Human rights workers in Indonesia say that freedom of speech is once again under threat, six years after the fall of the dictator Suharto. Their concerns come as the Indonesian government has decided to expel an American analyst who has in the past been critical of the authorities' fight against terrorism and separatism.
Indonesian government officials handed an expulsion order to Sidney Jones Tuesday evening. Ms. Jones is the head of the Southeast Asia office of International Crisis Group - a Belgium-based independent research group and one of the world's pre-eminent authorities on radical Islamic groups in the region.
The immediate expulsion order states Ms. Jones is in violation of immigration laws. The ICG says a similar expulsion order was given to her assistant and analyst, Francesca Lawe-Davies.
The move comes after the head of Indonesia's intelligence service said Ms. Jones, the ICG and 19 other local non-governmental organizations pose a threat to the security of the country. No government officials have supplied any evidence to support the accusation.
In addition, the ICG says, since the beginning of the year, all work permits for the ICG have been frozen and no Indonesian official will discuss the situation or explain why.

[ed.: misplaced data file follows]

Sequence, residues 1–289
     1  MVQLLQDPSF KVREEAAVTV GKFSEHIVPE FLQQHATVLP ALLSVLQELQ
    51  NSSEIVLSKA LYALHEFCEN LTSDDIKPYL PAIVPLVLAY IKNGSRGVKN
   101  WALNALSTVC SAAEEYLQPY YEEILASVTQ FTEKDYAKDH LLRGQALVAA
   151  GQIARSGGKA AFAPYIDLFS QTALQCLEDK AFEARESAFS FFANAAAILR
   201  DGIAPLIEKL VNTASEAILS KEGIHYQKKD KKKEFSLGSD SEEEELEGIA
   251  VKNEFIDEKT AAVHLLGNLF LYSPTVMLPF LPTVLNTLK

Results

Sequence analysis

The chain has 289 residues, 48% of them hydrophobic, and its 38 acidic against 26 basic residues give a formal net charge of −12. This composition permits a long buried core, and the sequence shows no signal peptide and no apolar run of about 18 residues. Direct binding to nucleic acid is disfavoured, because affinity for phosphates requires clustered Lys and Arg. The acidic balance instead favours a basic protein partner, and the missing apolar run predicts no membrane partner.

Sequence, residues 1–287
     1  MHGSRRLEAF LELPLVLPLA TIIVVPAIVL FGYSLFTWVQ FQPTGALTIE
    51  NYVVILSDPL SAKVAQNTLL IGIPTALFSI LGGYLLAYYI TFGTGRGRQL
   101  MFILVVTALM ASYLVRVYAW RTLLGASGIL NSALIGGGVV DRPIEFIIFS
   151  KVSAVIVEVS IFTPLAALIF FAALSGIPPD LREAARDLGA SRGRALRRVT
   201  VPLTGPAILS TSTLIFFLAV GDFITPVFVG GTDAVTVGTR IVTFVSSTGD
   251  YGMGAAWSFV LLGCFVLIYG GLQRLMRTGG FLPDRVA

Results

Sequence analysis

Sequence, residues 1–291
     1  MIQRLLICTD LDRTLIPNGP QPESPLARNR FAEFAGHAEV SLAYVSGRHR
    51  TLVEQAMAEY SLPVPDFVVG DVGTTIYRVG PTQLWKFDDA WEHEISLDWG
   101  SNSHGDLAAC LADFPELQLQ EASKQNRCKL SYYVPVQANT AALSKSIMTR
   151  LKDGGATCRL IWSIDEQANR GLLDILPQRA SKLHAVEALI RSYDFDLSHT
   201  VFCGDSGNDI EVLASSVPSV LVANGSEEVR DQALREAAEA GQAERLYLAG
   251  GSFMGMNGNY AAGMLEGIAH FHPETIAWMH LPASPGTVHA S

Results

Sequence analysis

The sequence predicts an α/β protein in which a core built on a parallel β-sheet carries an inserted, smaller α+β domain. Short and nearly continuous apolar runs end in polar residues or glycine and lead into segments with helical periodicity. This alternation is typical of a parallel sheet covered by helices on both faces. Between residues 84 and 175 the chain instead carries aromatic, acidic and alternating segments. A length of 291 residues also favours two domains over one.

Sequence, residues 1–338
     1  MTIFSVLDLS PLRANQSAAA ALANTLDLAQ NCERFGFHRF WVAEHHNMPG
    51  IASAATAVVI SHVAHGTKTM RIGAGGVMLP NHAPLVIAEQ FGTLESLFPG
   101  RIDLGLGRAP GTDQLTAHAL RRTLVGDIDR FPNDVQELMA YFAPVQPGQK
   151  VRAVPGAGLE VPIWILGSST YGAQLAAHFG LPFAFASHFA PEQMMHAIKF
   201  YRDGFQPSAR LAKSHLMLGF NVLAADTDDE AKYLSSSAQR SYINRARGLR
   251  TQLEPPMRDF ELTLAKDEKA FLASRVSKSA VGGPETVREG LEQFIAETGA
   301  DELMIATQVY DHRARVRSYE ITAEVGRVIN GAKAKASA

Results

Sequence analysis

Todung Mulya Lubis is the chairman of the International Crisis Group's foundation in Indonesia and a prominent human rights lawyer. He says the expulsion order brings back memories of the so-called New Order of disgraced president Suharto, when human rights were routinely ignored.
"The New Order is coming back and this is precisely the policy that took place under Suharto years," he says. "We are all fighting here for democracy, for transparency, for human rights, and I think there are signs that the government is now becoming more and more authoritarian."
Since she joined the ICG in 2002, Ms. Jones has prepared a number of highly influential reports on Islamic extremism, terrorism and separatism in Indonesia. The reports have raised a number of disturbing questions about the authorities' response to these challenges.
Ms. Jones, who has spent most of the last 30 years in Indonesia, is also the world's most respected authority on Jemaah Islamiyah, the terrorist group behind the bombs on the tourist island of Bali in 2002 and the U.S. run J-W Marriott hotel in Jakarta.
None of the other 19 NGO's that the intelligence chief mentioned have been formally named. Critics fear there is an implied threat to muzzle criticism of the government as the president, Megawati Sukarnoputri, prepares for an uphill battle for re-election next month.